Belfast Telegraph

Friday 25 July 2014

Down Memory Lane: Ulster heroes of 84 are reunited one more time

The Ulster team and replacements which beat Australia in 1984 gathered last week for a reunion dinner. Pictured (back row from left): Steve Smith, Willie Duncan, Paul Kennedy, John McDonald, Phil Matthews, Jimmy McCoy, Willie Anderson, Brian McCall, Nigel Carr, Davy Morrow, Peter Millar, Philip Rainey. Front (from left): Trevor Ringland, Iain Moles, Ally Moles, Donal O’Shaughnessy (team doctor), Ian Brown, David Irwin, Jimmy McKelvey (past Ulster Branch President), Rab Brady, Keith Crossan, Stephen Cowan

Historians contend that 1984 was the genesis for Australia to become a legitimate rugby power. That year under coach Alan Jones they achieved a famous Grand Slam triumph. The Wallabies had at last arrived.

Now they have returned to these shores, having already beaten an impotent England 18-9 on Saturday at Twickenham, and are hoping to repeat their all-conquering feats of 25 years ago.

Yet in that memorable tour they were stopped dead in their tracks by Ulster who shocked them 15-13 on a damp, dismal day at Ravenhill.

My colleague Alf McCreary, in what we in the journalistic world call “a colour piece”, wrote that the stadium rocked with a roar of pure Ulster joy.

“The Australians had the look of men who realised that the boomerang wouldn’t come back. It was a day to remember — November 14, 1984,” wrote Alf.

Acclaimed BBC commentator and rugby authority Jim Neilly, who broadcast the match live on Radio Ulster, recalls: “It was a never-to-be-forgotten experience with Ulster, coached by the late Jimmy Davidson, fighting back from 13-6 down to produce a shock result.”

Eight or so of the team had been at Queen’s University when Jimmy was coach there. Some, too, went on to play for Ireland in the 1985 Triple Crown year. That dank afternoon they became Ulster immortals.

The class of ‘84, led by skipper David Irwin, held a reunion last week in La Mon Hotel to reminisce on a match captured by one headline “A deathless hush descended . . . Antipodean manhood was being tamed.”

A night of nostalgia and all our yesteryears.

The game, universally accepted as not a classic, was nevertheless steeped in drama leaving spectators numb with excitement.

It was the launch pad, too, for Ulster’s astonishing 10-year unbeaten inter-provincial run. Here was an accomplished squad possessing all-round quality — and a hunger to succeed driven by Davidson’s vigour and enthusiasm.

While every member of the team proved himself a hero the man-of-the-match award justifiably went to scrum half Rab Brady, named “the tiny pocket dynamo from Ballyclare” by then Telegraph rugby correspondent John Campbell.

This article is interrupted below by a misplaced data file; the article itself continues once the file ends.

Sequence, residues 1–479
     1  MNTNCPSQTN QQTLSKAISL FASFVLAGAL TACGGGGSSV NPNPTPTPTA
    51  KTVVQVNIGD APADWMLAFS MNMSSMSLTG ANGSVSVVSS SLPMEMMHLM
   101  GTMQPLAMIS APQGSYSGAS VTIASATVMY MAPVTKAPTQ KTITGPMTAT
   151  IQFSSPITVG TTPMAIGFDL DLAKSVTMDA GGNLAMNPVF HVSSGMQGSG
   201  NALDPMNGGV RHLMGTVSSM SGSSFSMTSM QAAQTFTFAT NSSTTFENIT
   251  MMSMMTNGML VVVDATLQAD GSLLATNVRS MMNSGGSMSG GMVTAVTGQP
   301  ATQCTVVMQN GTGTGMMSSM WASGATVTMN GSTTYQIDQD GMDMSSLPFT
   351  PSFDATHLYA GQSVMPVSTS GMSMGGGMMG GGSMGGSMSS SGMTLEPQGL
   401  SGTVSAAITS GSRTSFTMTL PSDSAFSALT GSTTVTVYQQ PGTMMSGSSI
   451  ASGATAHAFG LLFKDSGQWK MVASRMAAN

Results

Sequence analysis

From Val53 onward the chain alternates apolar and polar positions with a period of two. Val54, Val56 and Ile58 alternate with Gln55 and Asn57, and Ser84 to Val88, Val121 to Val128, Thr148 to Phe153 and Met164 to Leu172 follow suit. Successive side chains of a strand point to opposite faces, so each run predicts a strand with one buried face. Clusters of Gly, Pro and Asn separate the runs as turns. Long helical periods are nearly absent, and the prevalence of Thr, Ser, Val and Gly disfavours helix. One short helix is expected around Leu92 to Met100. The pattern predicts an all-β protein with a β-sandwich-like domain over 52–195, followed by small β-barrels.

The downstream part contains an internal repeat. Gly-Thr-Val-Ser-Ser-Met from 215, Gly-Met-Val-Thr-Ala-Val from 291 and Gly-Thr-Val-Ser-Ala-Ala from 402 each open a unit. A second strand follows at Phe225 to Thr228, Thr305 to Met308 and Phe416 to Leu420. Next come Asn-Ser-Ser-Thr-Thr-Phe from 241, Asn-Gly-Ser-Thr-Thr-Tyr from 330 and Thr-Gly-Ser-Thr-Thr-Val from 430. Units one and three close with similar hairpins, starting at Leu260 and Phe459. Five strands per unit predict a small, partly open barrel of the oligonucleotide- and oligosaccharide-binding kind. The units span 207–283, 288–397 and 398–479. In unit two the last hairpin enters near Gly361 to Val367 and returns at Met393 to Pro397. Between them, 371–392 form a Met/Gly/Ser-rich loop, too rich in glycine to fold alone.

He stamped his authority on virtually all the moves, orchestrated the entire back division and drove the pack forward with a masterly display of line-kicking.

Nigel Carr, the truest of open side flankers, made a dream return to rugby after a two-year absence, while Willie Anderson and Brian McCall were majestic in the second row.

The Australian pack were unable to cope with Ulster’s fierce rucking, and clever support play.

Ulster led 6-3 at half-time through an Ian Brown penalty and Philip Rainey dropped goal; in contrast Michael Lynagh, a 20-year-old Queensland student, scored from only one of four goal attempts.

Then came the anticipated Australian backlash. Left winger Peter Grigg touched down after full back James Black had thundered into the line to unsettle the Ulster cover; Black was later injured and replaced by superstar David Campese.

Instantly the Wallabies went further ahead when Grigg crossed after the ball had been whipped out to the left following ruck.

That scoreline 13-6 seemed a safe cushion for Australia but, revealing the determination instilled into them by Davidson, Ulster had other ideas.

Brown got a penalty, then another. A series of rucks and mauls went in their favour and, with eight minutes remaining, Keith Crossan sprinted down the left touchline in search of a loose ball, Campese darted to intercept but deliberately knocked it into touch.

A penalty for Ulster. The clock was running down.

The kick was 45 metres from the posts. Up stepped Rainey firmly placing the ball before whipping it between the posts.

Those agonising final seven minutes seemed like an eternity and then the whistle . . . a wonderful chapter in Ulster rugby history was written. The kangaroo had been tied down.

Ravenhill, hallowed home of Ulster rugby, erupted, producing an atmosphere similar to Windsor Park on a major international occasion, or when an Irish boxer wins a world title at the King’s Hall. Venues steeped in tradition, heritage and memories.

ULSTER: P Rainey (Lansdowne); T Ringland (Ballymena), D Irwin (Instonians, capt), I Moles (Ards), K Crossan (Instonians); I Brown (Malone), R Brady (Queen’s University); P Kennedy (London Irish), J McDonald (Malone), J McCoy (Dungannon), B McCall (London Irish), W Anderson (Dungannon), N Carr (Ards), P Matthews (Ards), W Duncan (Malone).

Australia: J Black; P Grigg, T Lane, M Lynagh, M Burke; M Hawker (capt), P Cox; S Pelecki, T Lawton, A McIntyre, N Holt, W Campbell, W Calcraft, D Codey, M Reynolds. Replacement: D Campese for J Black.

Referee: R Megson (Scotland).

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